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Alzheimer’s is a disease that mostly affects older adults, and its most common symptom is a decline in memory. 

There are nearly 7 million Americans who live with Alzheimer’s, according to the Alzheimer’s Association, and this figure is expected to rise. 

By 2050, it’s projected that 13 million will have the disease, according to the source. 


A person with Alzheimer’s can experience many difficulties in everyday life, such as getting lost, having trouble completing simple tasks and having a hard time communicating with others. 

Below, you can find early warning signs of the disease, the age when it is most common and details about the different stages of Alzheimer’s.

  1. What are some early warning signs of Alzheimer’s?
  2. At what age does Alzheimer’s appear?
  3. What are the stages of Alzheimer’s?

1. What are some early warning signs of Alzheimer’s? 

Alzheimer’s is different for everyone, so there isn’t a “one size fits all” set of symptoms that everyone with the disease develops.

The severity of each symptom in each individual is going to be different. There are different symptoms associated with Alzheimer’s based on how severe the disease is. 

That said, there are some common symptoms that may start to appear in those with Alzheimer’s early on. 

Most of the early signs are going to have to do with a person’s memory. The most broad but common symptom is memory loss that impacts daily life. 

Doctor with patient

For example, this could mean forgetting about appointments, forgetting information just recently given or forgetting a recent conversation. 


Another sign someone with Alzheimer’s might show is having a hard time planning things or solving problems.

People with Alzheimer’s typically have difficulty dealing with bills and following a set of instructions. 

Losing track of dates and getting confused about location are other signs of the disease.

Around one of every 20 people who have Alzheimer’s are under the age of 65. 

Those who may have Alzheimer’s tend to have a hard time completing tasks that are familiar to them and have some difficulty speaking. This could include not being able to follow a conversation and not being able to think of a certain word.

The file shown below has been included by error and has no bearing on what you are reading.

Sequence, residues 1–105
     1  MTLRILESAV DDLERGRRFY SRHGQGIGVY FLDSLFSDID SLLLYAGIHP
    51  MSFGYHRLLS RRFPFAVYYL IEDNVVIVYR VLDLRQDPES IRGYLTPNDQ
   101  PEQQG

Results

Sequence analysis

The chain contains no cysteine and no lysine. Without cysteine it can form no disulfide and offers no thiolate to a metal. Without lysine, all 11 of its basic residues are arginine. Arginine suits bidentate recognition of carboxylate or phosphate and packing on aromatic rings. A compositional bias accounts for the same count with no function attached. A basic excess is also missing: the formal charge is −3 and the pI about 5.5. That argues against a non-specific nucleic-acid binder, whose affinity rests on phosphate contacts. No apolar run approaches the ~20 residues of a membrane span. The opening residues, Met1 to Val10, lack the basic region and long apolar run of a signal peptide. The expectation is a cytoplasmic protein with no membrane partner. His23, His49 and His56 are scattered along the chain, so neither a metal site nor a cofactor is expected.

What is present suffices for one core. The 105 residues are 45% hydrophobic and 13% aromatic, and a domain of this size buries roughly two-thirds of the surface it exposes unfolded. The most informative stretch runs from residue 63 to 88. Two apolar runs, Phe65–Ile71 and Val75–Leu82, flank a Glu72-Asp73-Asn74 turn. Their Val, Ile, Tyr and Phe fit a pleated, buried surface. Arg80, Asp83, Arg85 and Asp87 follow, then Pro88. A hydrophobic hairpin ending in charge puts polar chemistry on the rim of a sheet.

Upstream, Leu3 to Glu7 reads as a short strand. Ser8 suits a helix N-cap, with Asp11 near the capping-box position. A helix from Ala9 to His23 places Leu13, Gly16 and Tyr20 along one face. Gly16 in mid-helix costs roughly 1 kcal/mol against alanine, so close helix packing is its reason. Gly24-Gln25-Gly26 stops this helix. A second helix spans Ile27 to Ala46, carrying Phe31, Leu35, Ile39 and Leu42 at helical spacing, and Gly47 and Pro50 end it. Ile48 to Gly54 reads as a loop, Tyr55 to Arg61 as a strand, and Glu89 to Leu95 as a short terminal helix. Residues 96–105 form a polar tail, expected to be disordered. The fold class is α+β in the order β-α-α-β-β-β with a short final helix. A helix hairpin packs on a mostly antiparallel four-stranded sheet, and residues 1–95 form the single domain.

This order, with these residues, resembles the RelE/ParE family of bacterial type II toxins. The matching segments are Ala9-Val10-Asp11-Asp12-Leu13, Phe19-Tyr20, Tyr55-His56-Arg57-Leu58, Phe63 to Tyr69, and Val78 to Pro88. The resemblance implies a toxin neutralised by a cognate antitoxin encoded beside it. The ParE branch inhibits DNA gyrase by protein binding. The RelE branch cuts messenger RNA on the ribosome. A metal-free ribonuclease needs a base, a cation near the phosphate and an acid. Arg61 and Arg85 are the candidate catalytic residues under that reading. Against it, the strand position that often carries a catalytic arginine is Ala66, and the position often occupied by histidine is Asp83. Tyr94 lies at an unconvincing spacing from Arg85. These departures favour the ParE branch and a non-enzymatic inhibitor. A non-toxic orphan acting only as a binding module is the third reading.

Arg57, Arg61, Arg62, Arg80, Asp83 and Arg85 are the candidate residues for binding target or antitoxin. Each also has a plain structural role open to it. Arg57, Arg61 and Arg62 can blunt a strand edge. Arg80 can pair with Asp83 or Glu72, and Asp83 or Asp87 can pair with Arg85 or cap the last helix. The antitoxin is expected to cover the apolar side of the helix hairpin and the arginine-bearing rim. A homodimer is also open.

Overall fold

An additional sign is misplacing objects often or, more specifically, putting objects in places that don’t make sense. 


Lastly, some other signs you may see in those with the disease are disassociating with social activities, experiencing a change in mood and having poor judgment. 

A conceptual look at Alzheimers disease, and some of the problems it brings.

It’s important to consider that some of these symptoms may emerge with old age, but if these symptoms are frequently present and don’t just occur here and there, it could be a sign of Alzheimer’s. 

If you or someone you love is experiencing these symptoms, it may be time to see a doctor.  

2. At what age does Alzheimer’s appear? 

While the risk for Alzheimer’s increases greatly for those of older age, it can affect younger people too.  

Most commonly, Alzheimer’s affects those who are over 65, according to the National Health Service (NHS). 

For those who experience symptoms prior to that age, they fall into the early-onset category of the disease. 

Around one of every 20 people who have Alzheimer’s are under the age of 65. 

Although people can develop Alzheimer’s earlier in life, the largest risk factor for the disease is age. So, as a person ages, the risk of getting Alzheimer’s increases.

3. What are the stages of Alzheimer’s?

There are multiple stages of Alzheimer’s that outline the progression of the disease. Each of these stages is going to come with some different symptoms, and original symptoms are going to get more severe. 

The most common ways to broadly categorize the three stages of Alzheimer’s disease are early (mild), middle (moderate) and late (severe). 

In the earliest stage of the disease, a person can still primarily function on his own, according to the Alzheimer’s Association. A person may still be able to drive and work. 

A worker at an Alzheimer's assisted-living site puts her hand on the arm of a resident

Even though a person can function relatively independently at this stage, and symptoms may not be as clear, family, friends and a medical professional may begin to notice, according to the source. 

The Alzheimer’s Association lists situations such as forgetting a name, forgetting material just read and trouble planning as symptoms that could be present at this stage. 

Middle-stage Alzheimer’s is typically the longest stage, the organization notes, and could go on for many years. 

During this stage, symptoms will begin to become more apparent. Some symptoms listed by the organization present at this stage are being forgetful of personal history, moodiness, inability to recall personal information, confusion about whereabouts, trouble choosing clothing that is appropriate for the season or occasion, trouble with bladder control, changes in sleep patterns, wandering and behavioral changes. 

In the third and most severe case of Alzheimer’s, an individual will have difficulty communicating with others and will require around-the-clock care and support. 

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